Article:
Jordan's luxury shoppers undeterred by financial difficulties

Jordan's luxury shoppers undeterred by financial difficulties
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Published October 18th, 2013 - 10:48 GMT via SyndiGate.info

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Jordanian customers look for luxury but with more reasonable prices these days; they want to look trendy, luxurious and fashionable, but with lower price tags, Dahleh told The Jordan Times.
Jordanian customers look for luxury but with more reasonable prices these days; they want to look trendy, luxurious and fashionable, but with lower price tags, Dahleh told The Jordan Times.
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Victoria
,
Khaldoun Libzo
,
Dania Dahleh
,
Abeer Jaradeh
,
Mohammad Salha
,
Ahmad Douglas

Although the commercial sector in the Kingdom is facing a slowdown due to a drop in consumer spending, suppliers of luxury goods describe the demand for the expensive items as “good” and even surging.

Several managers and owners of retail shops that sell luxury brands such as perfumes, clothing, designer handbags, watches and home accessories, expressed their satisfaction with the current market demand in interviews with The Jordan Times.

They said they were happy with the customer turnout, but noted that many clients who used to buy expensive items have started to select lower-priced goods or check for offers and sales.

Khaldoun Libzo, shop manager of Mont Blanc, told The Jordan Times that customers are still loyal to the brand despite the worsening economic situation in the country, but they are now “more selective” when spending their money.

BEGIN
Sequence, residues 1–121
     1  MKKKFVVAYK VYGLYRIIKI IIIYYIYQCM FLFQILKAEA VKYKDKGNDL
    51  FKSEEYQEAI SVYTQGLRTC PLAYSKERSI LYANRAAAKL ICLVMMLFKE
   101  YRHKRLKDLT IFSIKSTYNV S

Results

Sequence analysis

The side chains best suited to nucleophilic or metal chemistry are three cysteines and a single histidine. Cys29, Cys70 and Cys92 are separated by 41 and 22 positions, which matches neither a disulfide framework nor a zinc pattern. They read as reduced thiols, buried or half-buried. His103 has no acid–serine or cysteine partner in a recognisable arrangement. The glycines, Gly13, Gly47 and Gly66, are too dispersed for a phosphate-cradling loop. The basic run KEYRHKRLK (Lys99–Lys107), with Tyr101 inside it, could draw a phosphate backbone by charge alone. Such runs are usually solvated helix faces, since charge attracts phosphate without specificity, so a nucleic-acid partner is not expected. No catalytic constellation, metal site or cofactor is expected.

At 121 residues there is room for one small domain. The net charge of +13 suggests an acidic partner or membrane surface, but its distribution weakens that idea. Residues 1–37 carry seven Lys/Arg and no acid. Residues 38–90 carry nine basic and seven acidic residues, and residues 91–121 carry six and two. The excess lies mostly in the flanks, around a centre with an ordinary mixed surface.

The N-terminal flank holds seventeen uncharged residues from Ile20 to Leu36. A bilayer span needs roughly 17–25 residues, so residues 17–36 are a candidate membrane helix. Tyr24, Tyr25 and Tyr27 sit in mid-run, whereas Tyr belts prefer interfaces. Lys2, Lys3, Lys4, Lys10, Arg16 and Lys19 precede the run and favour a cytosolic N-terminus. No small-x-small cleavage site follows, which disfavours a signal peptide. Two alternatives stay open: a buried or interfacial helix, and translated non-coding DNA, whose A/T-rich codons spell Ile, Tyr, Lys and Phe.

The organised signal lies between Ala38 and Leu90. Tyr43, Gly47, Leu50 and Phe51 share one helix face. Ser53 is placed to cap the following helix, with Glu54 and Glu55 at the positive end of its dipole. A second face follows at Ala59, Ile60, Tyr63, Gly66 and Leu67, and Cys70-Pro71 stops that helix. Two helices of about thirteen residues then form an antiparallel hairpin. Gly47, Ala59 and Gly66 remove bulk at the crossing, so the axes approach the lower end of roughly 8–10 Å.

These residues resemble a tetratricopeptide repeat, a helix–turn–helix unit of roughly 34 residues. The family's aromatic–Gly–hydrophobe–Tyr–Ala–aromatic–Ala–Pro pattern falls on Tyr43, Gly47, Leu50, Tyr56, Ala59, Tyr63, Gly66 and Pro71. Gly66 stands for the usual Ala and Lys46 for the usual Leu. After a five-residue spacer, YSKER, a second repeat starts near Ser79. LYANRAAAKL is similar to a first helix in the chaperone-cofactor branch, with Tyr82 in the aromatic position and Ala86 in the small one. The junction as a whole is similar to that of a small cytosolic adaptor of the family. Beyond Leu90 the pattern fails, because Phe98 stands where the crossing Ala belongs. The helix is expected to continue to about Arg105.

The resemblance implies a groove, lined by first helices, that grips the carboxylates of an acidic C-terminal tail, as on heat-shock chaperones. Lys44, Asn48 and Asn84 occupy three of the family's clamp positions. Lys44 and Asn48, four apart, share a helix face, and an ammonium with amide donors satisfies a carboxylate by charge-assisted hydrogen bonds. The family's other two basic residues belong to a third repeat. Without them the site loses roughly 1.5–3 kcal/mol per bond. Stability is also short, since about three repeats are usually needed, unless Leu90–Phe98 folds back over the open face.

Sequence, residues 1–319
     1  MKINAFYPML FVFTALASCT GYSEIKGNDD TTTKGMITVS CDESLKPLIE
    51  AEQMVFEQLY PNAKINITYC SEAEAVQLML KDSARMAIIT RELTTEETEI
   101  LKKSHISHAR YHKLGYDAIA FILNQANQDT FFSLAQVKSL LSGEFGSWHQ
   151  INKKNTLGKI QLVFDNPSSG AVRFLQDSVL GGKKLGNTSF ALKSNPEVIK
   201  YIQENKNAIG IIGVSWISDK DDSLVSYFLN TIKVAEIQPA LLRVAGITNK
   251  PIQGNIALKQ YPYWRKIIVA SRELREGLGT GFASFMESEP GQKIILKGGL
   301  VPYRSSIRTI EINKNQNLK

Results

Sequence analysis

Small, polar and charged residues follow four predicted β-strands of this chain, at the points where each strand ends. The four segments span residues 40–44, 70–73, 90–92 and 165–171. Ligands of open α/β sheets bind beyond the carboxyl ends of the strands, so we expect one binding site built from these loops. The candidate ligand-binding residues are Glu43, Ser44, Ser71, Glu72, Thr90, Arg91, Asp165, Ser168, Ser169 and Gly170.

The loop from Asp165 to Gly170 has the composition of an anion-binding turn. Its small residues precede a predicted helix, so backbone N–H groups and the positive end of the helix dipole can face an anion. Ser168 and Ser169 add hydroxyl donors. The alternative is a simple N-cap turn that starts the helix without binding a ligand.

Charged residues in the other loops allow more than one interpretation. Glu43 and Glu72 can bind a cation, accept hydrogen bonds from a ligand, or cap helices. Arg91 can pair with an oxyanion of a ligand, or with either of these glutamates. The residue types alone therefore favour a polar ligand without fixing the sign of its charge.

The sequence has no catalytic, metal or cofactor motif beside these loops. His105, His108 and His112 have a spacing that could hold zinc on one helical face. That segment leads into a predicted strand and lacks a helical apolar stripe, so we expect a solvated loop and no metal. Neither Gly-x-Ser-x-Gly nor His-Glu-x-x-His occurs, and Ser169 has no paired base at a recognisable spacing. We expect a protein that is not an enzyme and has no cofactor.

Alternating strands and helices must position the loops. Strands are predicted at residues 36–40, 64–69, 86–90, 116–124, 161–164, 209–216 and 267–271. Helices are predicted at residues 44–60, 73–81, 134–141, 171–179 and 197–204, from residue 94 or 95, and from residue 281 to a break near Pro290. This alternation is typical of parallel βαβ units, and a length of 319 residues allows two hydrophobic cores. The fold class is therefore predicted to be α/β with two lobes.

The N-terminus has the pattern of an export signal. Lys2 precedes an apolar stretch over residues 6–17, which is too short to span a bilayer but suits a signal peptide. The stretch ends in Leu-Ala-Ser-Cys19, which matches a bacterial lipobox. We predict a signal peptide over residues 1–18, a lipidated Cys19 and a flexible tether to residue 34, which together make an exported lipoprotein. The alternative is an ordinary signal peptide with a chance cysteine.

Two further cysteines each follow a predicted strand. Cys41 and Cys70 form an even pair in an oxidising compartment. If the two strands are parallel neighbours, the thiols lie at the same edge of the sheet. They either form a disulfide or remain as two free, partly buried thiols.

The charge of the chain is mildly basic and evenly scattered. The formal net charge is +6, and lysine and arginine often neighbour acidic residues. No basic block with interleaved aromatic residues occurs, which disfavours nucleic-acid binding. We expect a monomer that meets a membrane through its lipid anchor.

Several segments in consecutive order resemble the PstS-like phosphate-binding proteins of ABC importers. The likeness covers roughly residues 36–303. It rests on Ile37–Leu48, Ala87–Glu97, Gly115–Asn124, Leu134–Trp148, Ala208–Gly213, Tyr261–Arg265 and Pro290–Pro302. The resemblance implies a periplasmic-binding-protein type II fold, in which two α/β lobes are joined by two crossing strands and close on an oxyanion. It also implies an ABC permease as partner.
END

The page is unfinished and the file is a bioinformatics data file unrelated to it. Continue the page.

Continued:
“In our shop in particular, customers tend to buy more gifts than items for their personal use,” he said, pointing out that sales have increased this year.

Abeer Jaradeh, another manager at a store that sells home accessories in one of the upscale malls in the capital, said the demand on luxury goods is coming from tourists, expatriates and non-Jordanian residents.

“Foreigners are mostly the ones who are spending money on luxurious items in our market,” added Jaradeh, the shop manager of Sia Home Accessories.

She blamed the sluggish demand of Jordanian citizens on low incomes and high living costs.

Mohammad Salha, shop manager of Victoria’s Secret Perfumes and Accessories, described the market ahead of the Eid Al Adha holiday as “unfruitful” and “very slow”.

But he said that despite the difficult financial circumstances facing many consumers, demand for their merchandise was still good.

“People no longer stick to the tradition of buying Eid clothes for all family members like before, Jordanian designer Dania Dahleh noted.

Jordanian customers look for luxury but with more reasonable prices these days; they want to look trendy, luxurious and fashionable, but with lower price tags, Dahleh told The Jordan Times.

“For me, as I custom-design outfits and couture dresses, ladies are going for medium brand fabrics,” she said.

Most companies that import luxury brands are choosing to take on the burden of the newly increased customs duty on imported clothes, said Ahmad Douglas, manager of the Michael Kors Handbags and Accessories Shop.

“For our international brand, we cannot afford to increase prices more than other global markets, so we will take the load of the high customs duty rather than putting it on our loyal customers,” Douglas added.

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